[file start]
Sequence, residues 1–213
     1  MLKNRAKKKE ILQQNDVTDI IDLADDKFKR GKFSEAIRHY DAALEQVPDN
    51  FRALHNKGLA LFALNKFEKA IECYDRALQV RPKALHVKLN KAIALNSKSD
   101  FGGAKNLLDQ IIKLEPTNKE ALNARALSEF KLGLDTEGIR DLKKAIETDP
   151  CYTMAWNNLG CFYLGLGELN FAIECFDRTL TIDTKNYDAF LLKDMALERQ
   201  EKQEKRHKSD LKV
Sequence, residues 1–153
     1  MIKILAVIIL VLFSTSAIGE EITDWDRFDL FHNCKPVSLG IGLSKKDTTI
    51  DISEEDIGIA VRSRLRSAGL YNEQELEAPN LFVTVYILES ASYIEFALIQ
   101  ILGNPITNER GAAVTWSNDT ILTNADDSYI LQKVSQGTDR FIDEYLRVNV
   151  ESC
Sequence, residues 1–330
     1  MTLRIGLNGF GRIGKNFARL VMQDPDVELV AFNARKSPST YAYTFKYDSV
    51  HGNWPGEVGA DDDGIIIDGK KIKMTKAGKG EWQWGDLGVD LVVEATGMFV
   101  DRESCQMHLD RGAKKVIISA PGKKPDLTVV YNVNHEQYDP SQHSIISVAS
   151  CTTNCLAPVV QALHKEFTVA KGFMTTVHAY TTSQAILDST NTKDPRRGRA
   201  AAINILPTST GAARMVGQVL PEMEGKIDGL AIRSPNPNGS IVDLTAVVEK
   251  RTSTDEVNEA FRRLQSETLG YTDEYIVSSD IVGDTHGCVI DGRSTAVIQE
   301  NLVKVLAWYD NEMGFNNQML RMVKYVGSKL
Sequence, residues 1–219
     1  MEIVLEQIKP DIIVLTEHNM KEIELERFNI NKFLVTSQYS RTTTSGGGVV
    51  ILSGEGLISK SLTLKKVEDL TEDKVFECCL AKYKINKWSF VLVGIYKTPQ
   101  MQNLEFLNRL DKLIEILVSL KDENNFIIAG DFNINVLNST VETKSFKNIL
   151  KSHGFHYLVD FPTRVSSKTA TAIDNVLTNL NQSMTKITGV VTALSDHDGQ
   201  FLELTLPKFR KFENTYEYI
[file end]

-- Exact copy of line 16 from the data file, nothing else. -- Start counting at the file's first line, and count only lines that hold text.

   151  CTTNCLAPVV QALHKEFTVA KGFMTTVHAY TTSQAILDST NTKDPRRGRA